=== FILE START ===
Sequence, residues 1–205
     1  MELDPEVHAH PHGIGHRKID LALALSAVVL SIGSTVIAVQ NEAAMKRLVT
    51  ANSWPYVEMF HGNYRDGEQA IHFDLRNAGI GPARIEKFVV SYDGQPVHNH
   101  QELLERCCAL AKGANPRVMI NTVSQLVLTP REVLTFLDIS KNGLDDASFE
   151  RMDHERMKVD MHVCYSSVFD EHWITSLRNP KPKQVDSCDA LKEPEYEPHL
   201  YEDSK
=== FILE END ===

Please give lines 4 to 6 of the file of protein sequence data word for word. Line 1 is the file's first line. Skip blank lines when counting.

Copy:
   101  QELLERCCAL AKGANPRVMI NTVSQLVLTP REVLTFLDIS KNGLDDASFE
   151  RMDHERMKVD MHVCYSSVFD EHWITSLRNP KPKQVDSCDA LKEPEYEPHL
   201  YEDSK